Radial basis function (RBF) interpolation is an advanced method in approximation theory for constructing high-order accurate interpolants of unstructured data, possibly in high-dimensional spaces. The interpolant takes the form of a weighted sum of radial basis functions.[1][2] RBF interpolation is a mesh-free method, meaning the nodes (points in the domain) need not lie on a structured grid, and does not require the formation of a mesh. It is often spectrally accurate[3] and stable for large numbers of nodes even in high dimensions.

Many interpolation methods can be used as the theoretical foundation of algorithms for approximating linear operators, and RBF interpolation is no exception. RBF interpolation has been used to approximate differential operators, integral operators, and surface differential operators.

## Examples

Let ${\displaystyle f(x)=\exp(x\cos(3\pi x))}$ and let ${\displaystyle x_{k}={\frac {k}{14}},k=0,1,\dots ,14}$ be 15 equally spaced points on the interval ${\displaystyle [0,1]}$. We will form ${\displaystyle s(x)=\sum \limits _{k=0}^{14}w_{k}\varphi (\|x-x_{k}\|)}$ where ${\displaystyle \varphi }$ is a radial basis function, and choose ${\displaystyle w_{k},k=0,1,\dots ,14}$ such that ${\displaystyle s(x_{k})=f(x_{k}),k=0,1,\dots ,14}$ (${\displaystyle s}$ interpolates ${\displaystyle f}$ at the chosen points). In matrix notation this can be written as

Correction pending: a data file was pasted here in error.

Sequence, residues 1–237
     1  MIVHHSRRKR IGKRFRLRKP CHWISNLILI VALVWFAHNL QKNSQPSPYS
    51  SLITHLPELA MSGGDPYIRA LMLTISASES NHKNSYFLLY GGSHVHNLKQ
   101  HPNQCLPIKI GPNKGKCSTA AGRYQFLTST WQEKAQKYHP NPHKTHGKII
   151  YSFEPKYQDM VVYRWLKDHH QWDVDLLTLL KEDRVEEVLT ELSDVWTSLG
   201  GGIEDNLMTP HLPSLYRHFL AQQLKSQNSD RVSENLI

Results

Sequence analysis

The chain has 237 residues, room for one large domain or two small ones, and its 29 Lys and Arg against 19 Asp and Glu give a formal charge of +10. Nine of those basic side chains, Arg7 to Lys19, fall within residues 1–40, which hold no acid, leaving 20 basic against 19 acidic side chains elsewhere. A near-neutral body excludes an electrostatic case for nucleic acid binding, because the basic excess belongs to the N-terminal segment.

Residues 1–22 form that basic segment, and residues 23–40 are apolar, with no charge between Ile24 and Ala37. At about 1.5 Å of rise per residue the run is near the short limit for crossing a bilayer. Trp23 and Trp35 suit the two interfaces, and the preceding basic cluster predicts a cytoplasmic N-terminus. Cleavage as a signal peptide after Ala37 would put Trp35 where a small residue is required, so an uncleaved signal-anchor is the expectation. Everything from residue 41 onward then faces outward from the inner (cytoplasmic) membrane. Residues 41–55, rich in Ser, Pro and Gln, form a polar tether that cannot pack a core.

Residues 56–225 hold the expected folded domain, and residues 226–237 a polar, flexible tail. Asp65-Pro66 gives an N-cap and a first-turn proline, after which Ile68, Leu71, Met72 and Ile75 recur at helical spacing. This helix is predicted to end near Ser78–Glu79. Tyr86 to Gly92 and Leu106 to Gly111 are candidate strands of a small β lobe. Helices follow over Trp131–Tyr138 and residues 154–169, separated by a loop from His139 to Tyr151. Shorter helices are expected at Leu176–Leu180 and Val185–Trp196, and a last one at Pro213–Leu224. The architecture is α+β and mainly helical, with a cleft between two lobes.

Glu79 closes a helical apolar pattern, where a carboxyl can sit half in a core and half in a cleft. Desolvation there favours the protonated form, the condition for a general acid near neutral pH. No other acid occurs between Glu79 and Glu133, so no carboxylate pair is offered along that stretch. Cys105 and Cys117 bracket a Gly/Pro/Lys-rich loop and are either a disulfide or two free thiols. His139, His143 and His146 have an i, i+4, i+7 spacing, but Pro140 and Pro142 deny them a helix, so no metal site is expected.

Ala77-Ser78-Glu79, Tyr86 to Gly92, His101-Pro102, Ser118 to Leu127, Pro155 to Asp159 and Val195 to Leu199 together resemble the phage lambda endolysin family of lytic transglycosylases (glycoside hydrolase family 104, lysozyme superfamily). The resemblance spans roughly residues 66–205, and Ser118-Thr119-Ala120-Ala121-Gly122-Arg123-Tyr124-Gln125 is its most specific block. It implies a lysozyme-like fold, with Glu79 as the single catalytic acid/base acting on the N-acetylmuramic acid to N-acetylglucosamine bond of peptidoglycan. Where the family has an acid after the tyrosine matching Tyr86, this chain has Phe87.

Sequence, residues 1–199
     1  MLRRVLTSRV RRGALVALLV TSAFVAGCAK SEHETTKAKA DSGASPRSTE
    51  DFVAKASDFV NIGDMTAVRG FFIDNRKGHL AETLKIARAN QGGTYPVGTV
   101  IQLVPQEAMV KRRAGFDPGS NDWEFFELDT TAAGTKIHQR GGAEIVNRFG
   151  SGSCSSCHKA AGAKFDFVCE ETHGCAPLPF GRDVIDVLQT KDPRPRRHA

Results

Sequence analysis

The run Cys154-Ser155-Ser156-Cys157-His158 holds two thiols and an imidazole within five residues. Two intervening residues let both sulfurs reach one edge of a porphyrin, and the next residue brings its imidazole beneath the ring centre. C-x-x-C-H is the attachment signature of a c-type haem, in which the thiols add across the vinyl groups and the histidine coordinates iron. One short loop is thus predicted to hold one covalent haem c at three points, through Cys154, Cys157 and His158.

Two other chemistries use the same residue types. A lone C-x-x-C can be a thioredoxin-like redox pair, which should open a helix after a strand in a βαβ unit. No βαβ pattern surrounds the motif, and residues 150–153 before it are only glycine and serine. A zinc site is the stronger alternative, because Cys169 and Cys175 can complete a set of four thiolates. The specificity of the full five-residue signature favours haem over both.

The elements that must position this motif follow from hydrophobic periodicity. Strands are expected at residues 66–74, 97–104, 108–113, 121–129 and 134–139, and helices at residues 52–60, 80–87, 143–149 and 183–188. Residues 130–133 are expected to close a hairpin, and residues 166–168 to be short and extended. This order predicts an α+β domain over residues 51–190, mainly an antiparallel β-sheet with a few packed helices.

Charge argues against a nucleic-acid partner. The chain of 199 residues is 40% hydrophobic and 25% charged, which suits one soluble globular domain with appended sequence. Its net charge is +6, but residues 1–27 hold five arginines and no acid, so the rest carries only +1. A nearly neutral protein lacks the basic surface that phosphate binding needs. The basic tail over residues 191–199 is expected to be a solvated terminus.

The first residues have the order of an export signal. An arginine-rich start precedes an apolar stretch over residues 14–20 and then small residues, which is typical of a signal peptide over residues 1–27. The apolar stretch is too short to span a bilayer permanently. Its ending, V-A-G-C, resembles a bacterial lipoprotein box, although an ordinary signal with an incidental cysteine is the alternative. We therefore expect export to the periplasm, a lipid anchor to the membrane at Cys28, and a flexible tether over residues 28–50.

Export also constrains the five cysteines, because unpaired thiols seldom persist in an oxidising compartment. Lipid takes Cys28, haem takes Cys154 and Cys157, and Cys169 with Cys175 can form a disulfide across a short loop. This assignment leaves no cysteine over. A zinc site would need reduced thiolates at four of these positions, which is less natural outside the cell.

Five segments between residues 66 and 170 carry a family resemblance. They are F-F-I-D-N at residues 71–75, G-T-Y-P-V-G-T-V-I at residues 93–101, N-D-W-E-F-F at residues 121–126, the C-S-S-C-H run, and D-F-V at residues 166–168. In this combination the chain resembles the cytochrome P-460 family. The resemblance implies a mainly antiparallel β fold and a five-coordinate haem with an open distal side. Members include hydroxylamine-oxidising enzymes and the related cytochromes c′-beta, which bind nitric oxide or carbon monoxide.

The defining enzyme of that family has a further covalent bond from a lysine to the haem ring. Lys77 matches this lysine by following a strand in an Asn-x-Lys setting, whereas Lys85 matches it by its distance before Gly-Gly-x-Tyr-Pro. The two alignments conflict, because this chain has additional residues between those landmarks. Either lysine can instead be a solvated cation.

${\displaystyle {\begin{bmatrix}\varphi (\|x_{0}-x_{0}\|)&\varphi (\|x_{1}-x_{0}\|)&\dots &\varphi (\|x_{14}-x_{0}\|)\\\varphi (\|x_{0}-x_{1}\|)&\varphi (\|x_{1}-x_{1}\|)&\dots &\varphi (\|x_{14}-x_{1}\|)\\\vdots &\vdots &\ddots &\vdots \\\varphi (\|x_{0}-x_{14}\|)&\varphi (\|x_{1}-x_{14}\|)&\dots &\varphi (\|x_{14}-x_{14}\|)\\\end{bmatrix}}{\begin{bmatrix}w_{0}\\w_{1}\\\vdots \\w_{14}\end{bmatrix}}={\begin{bmatrix}f(x_{0})\\f(x_{1})\\\vdots \\f(x_{14})\end{bmatrix}}.}$

Choosing ${\displaystyle \varphi (r)=\exp(-(\varepsilon r)^{2})}$, the Gaussian, with a shape parameter of ${\displaystyle \varepsilon =3}$, we can then solve the matrix equation for the weights and plot the interpolant. Plotting the interpolating function below, we see that it is visually the same everywhere except near the left boundary (an example of Runge's phenomenon), where it is still a very close approximation. More precisely the maximum error is roughly ${\displaystyle \|f-s\|_{\infty }\approx 0.0267414}$ at ${\displaystyle x=0.0220012}$.